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My Cypriot Road Trip

After passing a sticky morning ducking into air-conditioned souvenir shops and drinking iced coffee in the shade of a crowded terrace, my friend Robyn and I decided to escape Cyprus’ landlocked capital city Nicosia and head towards the Mediterranean. We rented a car without a GPS, hoping our generic map would get us to our destination. Lucky for us, Cyprus is about the same size as New Jersey; if we got lost we’d reach water sooner or later and could follow the coast home.

Within two hours we made it to Pissouri’s beaches, arriving just as visitors and the relentless heat dispersed with the sinking sun. My toes brushed the shell-less sea floor of Aphrodite’s rumored birthplace, and somehow the water felt purer than any I had touched before, more fluid and buoyant as if it were just as alive as the small fish that came to nibble my ankles. Our hair heavy with salt and sand still stuck to our feet, we continued on to Paphos for a satisfying seafood meze (and to feed every stray cat I came across), before returning home to sleep the deep sleep that comes only after the exhaustion of a hot summer’s day.

The next day we finished our expedition in theoccupied Turkish territory of the north, climbing the cliffs of Cape Apostolos Andreas and relaxing at an adorable restaurant attached to an old couple’s house. We ate fresh olives and tender meats, the Mediterranean blue and soft on the rocks beside us, as our chef snuck a cigarette out the back window, pressing a finger to his lips so that we didn’t reveal his digression to his wife.

Essentially, the quaintness of Cyprus allows for the perfect road trip: the inability to get really lost, cheap fuel, easily rentable cars and plenty to see in any direction. Apart from the mythical island, poor road trip planning can lead to emergency hotel stops, extra fuel, unplanned for meals and other costly expenses.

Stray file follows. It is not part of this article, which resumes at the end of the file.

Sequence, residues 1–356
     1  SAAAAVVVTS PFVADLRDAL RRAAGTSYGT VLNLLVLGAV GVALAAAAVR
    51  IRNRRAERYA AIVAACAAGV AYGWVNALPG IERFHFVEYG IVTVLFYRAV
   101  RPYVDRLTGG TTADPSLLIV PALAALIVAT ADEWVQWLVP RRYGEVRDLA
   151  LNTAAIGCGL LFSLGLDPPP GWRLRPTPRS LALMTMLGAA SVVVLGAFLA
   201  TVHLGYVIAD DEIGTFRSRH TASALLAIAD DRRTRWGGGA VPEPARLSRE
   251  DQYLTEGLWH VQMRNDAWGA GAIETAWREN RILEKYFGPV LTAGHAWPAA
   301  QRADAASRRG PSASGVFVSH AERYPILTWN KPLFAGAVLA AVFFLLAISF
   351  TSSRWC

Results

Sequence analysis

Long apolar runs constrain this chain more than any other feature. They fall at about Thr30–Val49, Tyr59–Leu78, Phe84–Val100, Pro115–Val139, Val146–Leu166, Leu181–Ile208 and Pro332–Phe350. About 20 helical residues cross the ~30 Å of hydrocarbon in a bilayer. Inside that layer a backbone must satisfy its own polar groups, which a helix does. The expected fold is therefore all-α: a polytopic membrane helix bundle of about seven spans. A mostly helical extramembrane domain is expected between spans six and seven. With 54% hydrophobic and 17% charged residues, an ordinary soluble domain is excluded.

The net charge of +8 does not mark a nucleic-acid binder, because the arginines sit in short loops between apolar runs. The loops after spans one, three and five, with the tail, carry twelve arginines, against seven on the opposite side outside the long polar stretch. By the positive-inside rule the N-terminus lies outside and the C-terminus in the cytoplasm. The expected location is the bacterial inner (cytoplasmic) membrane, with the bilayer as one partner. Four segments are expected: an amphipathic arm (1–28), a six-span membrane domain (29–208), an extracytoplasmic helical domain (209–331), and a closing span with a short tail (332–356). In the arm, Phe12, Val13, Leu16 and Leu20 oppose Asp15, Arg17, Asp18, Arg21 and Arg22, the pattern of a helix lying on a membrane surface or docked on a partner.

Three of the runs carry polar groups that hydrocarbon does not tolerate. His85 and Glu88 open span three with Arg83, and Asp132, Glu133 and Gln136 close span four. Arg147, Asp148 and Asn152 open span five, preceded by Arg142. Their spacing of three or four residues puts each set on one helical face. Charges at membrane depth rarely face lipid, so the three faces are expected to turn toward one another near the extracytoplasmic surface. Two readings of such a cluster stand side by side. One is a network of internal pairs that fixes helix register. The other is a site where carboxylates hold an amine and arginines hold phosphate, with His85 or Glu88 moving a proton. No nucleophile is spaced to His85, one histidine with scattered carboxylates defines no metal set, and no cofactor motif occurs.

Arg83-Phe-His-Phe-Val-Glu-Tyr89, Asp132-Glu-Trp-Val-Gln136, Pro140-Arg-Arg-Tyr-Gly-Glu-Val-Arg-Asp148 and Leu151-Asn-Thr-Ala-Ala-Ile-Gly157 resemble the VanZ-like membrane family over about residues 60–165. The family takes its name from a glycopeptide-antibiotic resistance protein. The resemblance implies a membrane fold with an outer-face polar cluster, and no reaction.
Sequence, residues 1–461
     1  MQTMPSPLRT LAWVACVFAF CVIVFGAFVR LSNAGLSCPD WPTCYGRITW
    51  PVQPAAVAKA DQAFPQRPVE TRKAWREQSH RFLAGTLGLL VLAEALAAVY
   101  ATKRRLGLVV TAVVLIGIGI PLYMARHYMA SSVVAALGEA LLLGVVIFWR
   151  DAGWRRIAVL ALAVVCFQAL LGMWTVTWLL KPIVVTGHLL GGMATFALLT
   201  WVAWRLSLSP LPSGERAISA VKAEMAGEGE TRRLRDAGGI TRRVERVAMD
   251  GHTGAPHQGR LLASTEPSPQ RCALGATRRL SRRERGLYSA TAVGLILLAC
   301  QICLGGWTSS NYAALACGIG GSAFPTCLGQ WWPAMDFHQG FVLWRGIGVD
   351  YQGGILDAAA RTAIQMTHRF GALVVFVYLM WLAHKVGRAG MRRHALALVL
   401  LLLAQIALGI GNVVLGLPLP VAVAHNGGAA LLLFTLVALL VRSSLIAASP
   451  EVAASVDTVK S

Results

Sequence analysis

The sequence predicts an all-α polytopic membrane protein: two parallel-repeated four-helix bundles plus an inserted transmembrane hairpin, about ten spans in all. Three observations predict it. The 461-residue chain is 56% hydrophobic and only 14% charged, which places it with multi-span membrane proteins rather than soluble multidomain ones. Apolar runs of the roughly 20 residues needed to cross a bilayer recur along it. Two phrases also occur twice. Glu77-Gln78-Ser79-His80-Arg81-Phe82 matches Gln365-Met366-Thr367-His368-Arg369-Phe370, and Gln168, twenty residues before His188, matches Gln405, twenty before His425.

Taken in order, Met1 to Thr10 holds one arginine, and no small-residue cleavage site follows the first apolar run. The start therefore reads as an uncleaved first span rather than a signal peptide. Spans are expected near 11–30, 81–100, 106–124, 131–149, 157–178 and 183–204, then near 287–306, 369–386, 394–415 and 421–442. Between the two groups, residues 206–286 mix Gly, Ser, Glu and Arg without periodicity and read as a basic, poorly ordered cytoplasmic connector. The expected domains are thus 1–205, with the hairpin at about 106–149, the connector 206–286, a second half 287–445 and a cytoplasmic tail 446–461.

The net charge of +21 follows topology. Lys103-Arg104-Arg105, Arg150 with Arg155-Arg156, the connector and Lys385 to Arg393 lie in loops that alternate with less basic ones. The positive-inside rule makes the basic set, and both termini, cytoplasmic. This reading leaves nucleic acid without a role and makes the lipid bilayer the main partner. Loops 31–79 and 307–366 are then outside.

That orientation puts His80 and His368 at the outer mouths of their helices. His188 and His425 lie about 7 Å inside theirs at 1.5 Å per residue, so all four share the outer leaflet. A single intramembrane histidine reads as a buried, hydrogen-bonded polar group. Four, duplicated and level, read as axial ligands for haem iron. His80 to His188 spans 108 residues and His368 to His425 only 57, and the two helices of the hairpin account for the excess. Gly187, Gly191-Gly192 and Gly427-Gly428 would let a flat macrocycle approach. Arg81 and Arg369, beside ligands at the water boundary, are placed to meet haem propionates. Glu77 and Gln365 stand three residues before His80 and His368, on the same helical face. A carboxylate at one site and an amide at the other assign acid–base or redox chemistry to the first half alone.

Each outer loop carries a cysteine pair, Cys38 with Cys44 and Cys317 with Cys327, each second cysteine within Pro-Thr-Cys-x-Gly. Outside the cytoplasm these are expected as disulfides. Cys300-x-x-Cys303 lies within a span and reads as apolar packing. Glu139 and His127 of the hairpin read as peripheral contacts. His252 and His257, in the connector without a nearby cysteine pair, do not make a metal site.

General Road Trip Tips:

  • Preparing the car: have car insurance information on hand, subscribe to a roadside service and get your car inspected before leaving. Invest in common emergency supplies such as jumper cables, a flashlight, first aid kit and flares, as well as any weather or terrain-specific supplies.
  • Planning ahead: figure out where you’d like to visit and make lodging reservations before leaving home. Many places fill up quickly and by reserving early you can look around for the best deals.
  • Mapping your route: don’t think of your road trip as a game of connect-the-dots; while highways may be thefastest and most direct route to move between cities, they also can be the most boring. Research scenic byways and scenic country roads and incorporate them into your route as well.
  • Leave room for spontaneity: chances are, you probably need more time visiting or getting to each place than you think you do. Make sure your agenda has some padding to give you time to explore roadside attractions, national parks or whatever other gems you come across.
  • Don’t rely on your GPS: buy a good map (one that actually has the road names marked), and travel the good ol’ fashioned way. Sure, you may get lost sometimes, but that’s part of the fun!
  • Home-ify your car: bring music, audio books, a journal, a blanket or two, a few small pillows, handwipes, toilet paper, plastic grocery bags, water bottles, healthy snacks and anything else that will make your trip comfortable.
  • Get better gas mileage: keep tires full, the trunk as light as possible, turn on cruise control, roll up your windows after 40mph and change the oil when necessary.